The final major change I want to draw attention to is the increasing precarity of the U.S. working-class. They’re increasingly employed in part-time jobs (as can be seen in the chart above, which tracks the ratio of part-time to full-time workers) and in “alternative” work arrangements. As Lawrence Katz and Alan Krueger (pdf) have shown, just in the past decade, the percentage of American workers engaged in alternative work arrangements— defined as temporary help agency workers, on-call workers, contract workers, and independent contractors or freelancers—rose from 10.1 percent (in February 2005) to 15.8 percent (in late 2015). And, it turns out, the so-called gig economy is characterized by the same unequalizing, capital-labor dynamics as the rest of the capitalist economy.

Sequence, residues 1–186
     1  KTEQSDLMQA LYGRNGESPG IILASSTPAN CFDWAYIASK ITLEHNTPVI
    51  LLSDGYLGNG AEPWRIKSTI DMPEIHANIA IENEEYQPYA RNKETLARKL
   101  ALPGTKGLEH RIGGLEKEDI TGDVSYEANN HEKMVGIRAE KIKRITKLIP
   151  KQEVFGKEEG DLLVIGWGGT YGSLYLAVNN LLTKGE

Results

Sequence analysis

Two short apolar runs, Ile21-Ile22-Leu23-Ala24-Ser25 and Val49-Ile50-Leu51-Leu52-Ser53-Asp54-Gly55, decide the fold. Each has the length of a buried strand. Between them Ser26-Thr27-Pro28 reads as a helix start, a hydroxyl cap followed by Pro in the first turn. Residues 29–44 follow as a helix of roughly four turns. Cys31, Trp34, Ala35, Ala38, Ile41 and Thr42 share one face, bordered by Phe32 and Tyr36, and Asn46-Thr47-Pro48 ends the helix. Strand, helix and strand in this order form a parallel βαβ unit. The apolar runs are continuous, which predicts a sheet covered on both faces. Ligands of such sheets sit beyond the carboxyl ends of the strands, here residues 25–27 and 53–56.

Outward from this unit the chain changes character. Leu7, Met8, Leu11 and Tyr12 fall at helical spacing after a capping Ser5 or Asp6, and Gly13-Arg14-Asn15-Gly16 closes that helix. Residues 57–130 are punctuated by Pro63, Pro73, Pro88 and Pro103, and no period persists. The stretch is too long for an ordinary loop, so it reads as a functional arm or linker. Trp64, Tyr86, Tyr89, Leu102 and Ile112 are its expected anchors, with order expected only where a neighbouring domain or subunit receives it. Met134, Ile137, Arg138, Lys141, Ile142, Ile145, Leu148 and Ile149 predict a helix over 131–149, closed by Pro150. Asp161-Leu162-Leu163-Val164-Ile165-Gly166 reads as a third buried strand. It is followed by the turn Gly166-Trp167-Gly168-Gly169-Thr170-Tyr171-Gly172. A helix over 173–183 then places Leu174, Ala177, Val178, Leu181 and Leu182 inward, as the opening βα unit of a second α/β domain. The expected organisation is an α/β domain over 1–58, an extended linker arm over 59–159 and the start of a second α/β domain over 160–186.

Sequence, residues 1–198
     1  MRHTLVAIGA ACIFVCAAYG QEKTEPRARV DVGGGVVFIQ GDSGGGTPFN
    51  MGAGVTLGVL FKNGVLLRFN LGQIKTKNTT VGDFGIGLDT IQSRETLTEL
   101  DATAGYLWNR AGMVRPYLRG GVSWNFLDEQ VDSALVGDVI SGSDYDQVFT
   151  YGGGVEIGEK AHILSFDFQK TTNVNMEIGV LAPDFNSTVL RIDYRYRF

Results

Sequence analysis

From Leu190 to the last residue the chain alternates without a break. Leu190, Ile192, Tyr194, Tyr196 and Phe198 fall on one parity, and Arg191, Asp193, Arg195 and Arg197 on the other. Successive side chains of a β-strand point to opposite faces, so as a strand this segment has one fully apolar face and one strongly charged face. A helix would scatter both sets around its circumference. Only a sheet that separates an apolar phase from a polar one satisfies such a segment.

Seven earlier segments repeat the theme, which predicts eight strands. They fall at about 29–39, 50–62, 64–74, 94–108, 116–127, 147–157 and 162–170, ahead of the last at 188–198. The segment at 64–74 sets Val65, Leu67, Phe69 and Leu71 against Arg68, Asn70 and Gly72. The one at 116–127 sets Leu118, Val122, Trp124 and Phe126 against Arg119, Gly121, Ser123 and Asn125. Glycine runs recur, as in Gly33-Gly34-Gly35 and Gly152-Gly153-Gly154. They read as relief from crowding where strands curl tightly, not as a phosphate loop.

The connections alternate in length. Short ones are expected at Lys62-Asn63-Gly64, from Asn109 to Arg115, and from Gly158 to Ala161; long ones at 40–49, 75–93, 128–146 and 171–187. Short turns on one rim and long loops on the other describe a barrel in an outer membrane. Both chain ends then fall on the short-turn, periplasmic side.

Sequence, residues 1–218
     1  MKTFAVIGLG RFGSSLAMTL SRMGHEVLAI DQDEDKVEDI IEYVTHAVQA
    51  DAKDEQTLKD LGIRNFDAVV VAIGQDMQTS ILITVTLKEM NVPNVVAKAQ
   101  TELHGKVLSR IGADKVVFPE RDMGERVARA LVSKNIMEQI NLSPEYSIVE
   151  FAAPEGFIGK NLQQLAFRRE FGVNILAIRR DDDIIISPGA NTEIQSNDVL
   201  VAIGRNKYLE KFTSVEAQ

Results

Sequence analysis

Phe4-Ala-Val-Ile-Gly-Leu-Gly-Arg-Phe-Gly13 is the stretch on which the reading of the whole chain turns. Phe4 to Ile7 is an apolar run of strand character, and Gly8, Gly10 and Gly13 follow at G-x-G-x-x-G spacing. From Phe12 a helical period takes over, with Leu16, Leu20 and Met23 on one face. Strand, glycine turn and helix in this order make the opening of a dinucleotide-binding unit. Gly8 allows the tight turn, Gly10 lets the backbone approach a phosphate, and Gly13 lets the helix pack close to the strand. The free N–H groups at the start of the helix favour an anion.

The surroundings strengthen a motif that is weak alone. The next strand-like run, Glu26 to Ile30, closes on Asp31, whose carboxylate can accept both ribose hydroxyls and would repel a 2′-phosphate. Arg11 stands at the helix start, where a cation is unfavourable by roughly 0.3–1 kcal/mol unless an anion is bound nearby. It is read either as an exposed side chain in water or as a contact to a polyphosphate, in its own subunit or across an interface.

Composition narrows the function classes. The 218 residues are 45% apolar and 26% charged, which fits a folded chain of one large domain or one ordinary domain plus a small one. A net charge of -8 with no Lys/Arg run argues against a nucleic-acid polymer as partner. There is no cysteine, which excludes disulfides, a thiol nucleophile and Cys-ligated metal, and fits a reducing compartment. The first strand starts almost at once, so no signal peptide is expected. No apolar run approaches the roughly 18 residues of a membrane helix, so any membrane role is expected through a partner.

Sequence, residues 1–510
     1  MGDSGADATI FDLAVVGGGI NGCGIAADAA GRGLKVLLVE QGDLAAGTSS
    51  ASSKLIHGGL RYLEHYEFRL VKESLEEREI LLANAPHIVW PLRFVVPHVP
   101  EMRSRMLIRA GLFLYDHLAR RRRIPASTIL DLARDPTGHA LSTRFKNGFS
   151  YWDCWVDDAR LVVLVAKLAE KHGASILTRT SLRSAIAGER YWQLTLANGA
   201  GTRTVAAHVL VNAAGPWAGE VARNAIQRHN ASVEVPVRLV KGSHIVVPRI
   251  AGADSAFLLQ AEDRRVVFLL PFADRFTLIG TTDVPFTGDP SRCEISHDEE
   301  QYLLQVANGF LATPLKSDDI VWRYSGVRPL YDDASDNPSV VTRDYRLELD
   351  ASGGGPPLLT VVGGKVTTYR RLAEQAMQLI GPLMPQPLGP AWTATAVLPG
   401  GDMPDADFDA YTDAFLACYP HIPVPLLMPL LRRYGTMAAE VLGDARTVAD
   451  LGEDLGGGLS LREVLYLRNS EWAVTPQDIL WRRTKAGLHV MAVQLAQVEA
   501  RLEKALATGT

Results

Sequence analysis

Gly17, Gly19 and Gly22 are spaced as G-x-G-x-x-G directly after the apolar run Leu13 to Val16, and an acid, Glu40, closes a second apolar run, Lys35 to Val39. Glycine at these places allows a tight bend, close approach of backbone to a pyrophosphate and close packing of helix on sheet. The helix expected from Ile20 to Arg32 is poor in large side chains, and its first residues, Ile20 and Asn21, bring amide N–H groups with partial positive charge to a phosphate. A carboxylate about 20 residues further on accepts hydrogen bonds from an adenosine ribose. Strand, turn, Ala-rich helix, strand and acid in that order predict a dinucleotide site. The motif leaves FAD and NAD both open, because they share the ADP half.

What is clear from this brief survey of the changes in the condition of the U.S. working-class in recent decades is that, while American workers have created enormous wealth, most of the increase in that wealth has been captured by their employers and a tiny group at the top—as workers have been forced to compete with one another for new kinds of jobs, with fewer protections, at lower wages, and with less security than they once expected. And the period of recovery from the Second Great Depression has done nothing to change that fundamental dynamic.
*According to the latest OECD data, the United States is an outlier on both coverage of collective bargaining agreements and trade-union density, as can be seen in the following charts: